Willing to die for Jesus

Willing to Die for Their Faith

Johnnie MooreBy Johnnie Moore9 Minutes

Adapted from The New Book of Christian Martyrs: The Heroes of our Faith from the 1st to the 21st Century by Johnnie Moore & Jerry Pattengale.

Christians Are Being Killed

The last three decades bridging the twentieth century to the twenty-first have been some of the bloodiest in modern Christian history. On nearly every continent, Christians are being killed in grotesque ways for their faith. In what Pope Francis called “an ecumenism of blood,” those who come to kill Christians don’t ask first if they are evangelicals, Catholics, or anything else — they just look for a cross.

Perhaps no martyrdom in the modern era was as shocking or received more news coverage than the men now called “The 21.”

On February 15, 2015, twenty-one stouthearted men marched out on a Libyan beach, single file, in orange uniforms, hands behind their backs. They didn’t shout or strut as they walked. Each man’s face reflected grace and peace, the dignity of a champion with nothing to prove, all jaws set in determination to do what he had trained to do. Not one tried to draw attention to himself. Each man walked in humility and obedience in a steady rhythm, each step proof that they were ready to go all in on the beach that day.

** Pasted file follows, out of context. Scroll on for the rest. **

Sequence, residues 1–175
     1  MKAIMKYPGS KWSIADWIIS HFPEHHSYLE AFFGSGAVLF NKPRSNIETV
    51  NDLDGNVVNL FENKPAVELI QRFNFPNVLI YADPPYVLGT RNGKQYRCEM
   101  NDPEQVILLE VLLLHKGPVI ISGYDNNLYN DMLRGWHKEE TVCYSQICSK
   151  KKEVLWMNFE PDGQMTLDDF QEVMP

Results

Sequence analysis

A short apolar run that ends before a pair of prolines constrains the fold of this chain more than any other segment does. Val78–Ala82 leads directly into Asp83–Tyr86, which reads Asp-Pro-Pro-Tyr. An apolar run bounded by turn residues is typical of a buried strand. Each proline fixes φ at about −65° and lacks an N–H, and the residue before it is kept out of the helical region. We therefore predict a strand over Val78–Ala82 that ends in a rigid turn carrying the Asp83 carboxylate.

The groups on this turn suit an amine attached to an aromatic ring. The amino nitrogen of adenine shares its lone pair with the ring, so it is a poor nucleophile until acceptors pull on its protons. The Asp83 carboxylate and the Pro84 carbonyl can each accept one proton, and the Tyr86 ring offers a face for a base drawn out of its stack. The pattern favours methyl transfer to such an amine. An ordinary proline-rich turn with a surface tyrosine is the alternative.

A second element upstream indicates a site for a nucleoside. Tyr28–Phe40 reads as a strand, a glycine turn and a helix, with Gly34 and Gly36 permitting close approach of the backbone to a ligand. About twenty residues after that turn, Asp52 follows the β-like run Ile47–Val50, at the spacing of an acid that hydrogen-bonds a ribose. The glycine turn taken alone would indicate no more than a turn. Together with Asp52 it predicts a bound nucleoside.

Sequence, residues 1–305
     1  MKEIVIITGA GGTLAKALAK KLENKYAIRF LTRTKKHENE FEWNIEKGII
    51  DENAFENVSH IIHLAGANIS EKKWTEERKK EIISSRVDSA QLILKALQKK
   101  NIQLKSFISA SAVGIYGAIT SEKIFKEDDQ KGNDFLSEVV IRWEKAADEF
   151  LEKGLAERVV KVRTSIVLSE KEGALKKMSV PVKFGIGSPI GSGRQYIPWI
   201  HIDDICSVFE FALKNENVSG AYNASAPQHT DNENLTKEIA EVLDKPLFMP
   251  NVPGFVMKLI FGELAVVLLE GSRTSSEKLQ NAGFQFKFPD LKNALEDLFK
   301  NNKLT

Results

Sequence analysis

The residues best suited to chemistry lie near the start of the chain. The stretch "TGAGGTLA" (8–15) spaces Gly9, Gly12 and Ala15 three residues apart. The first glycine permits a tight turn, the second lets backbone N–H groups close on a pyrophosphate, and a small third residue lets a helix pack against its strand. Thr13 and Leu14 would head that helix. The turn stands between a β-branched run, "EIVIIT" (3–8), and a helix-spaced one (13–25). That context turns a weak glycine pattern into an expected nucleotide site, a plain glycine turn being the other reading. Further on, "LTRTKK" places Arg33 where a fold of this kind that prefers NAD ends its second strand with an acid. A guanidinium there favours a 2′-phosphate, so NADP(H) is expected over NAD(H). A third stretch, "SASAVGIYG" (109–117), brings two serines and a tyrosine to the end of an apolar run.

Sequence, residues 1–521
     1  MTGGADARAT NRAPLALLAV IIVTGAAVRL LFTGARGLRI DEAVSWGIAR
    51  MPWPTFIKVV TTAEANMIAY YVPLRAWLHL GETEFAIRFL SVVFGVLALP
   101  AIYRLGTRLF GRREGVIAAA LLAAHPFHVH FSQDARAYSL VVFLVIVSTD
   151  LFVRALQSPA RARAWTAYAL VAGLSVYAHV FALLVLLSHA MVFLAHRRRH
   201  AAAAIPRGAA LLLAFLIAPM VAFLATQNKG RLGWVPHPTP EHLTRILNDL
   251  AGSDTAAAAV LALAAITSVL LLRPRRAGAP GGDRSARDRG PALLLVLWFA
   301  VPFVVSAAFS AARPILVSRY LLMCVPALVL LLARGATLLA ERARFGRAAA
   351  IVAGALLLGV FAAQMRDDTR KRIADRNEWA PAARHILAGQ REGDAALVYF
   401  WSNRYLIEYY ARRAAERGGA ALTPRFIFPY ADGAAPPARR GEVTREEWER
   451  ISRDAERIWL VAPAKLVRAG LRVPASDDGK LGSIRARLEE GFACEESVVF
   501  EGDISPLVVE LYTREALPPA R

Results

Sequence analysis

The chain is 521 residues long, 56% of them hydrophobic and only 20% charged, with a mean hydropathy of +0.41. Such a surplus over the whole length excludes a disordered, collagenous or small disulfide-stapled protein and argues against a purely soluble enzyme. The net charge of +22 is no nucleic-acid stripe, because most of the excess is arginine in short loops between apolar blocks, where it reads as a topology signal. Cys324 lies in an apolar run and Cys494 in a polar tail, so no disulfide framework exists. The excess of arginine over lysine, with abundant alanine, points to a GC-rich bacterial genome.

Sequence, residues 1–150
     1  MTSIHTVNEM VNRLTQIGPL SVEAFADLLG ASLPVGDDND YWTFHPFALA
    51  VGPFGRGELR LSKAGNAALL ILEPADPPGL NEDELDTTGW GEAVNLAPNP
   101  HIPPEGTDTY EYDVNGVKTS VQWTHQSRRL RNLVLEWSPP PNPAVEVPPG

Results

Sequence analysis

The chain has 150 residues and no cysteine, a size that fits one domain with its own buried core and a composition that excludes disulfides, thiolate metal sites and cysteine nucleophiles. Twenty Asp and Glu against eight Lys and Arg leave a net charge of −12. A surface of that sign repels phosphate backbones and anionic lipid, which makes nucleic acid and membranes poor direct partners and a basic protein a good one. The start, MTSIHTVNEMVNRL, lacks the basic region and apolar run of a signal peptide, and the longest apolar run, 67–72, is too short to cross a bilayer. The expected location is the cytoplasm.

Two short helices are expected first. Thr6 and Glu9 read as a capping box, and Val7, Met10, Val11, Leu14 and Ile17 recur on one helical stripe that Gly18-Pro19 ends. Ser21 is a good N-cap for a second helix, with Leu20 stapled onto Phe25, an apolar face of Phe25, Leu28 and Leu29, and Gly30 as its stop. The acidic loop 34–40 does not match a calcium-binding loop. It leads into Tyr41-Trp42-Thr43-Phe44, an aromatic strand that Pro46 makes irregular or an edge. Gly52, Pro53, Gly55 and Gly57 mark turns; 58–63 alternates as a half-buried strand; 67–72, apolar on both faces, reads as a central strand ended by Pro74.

The twenty-one men assumed the starting position, kneeling with their heads leaning forward, looking down at the earth for a final time, furtive eyes locking in quick sidelong glances as if congratulating each other ahead of their assured victory. The beach was hushed as masked handlers standing behind each man raised enormous swords. Then in unison, as a final act of what was in their collective spirit, the men let out a shout of song. Three words, three notes. The swords struck. The strains of the Coptic Christian refrain hung in the air, “Ya Rabbi Yassu,” “Oh my Lord Jesus.” Twenty-one heads toppled off the orange jumpsuits and tumbled to the ground.

Heaven let out a roar, angels shouted, the elders and creatures bowed before the throne. King Jesus stood and welcomed them home, looking each one in the eye and saying, “Well done, son, well done.” For the men, the mingled smell of the ocean, sweat, and blood was replaced by the fragrance of heaven, an aroma wafting off their own robes, a sacrifice that filled the nostrils of the living God as they lifted their eyes to behold Him. For the King of Kings, the death of these saints was precious, costly, invaluable, priceless, a treasure.

On earth, the scene was remarkably different. In the blue light of monitors, phones, and television screens in every nation, millions of hands flew over mouths that hung agape with horror. Tears squeezed out of a million squinted eyes that did not want to see what they were witnessing, but found it hard to look away. Millions of ears rejected the news. Surely, they’d heard an exaggeration. Throats choked with emotion. Minds brimmed with disbelief. Many wanted the video to be a hoax, doctored to make it look real.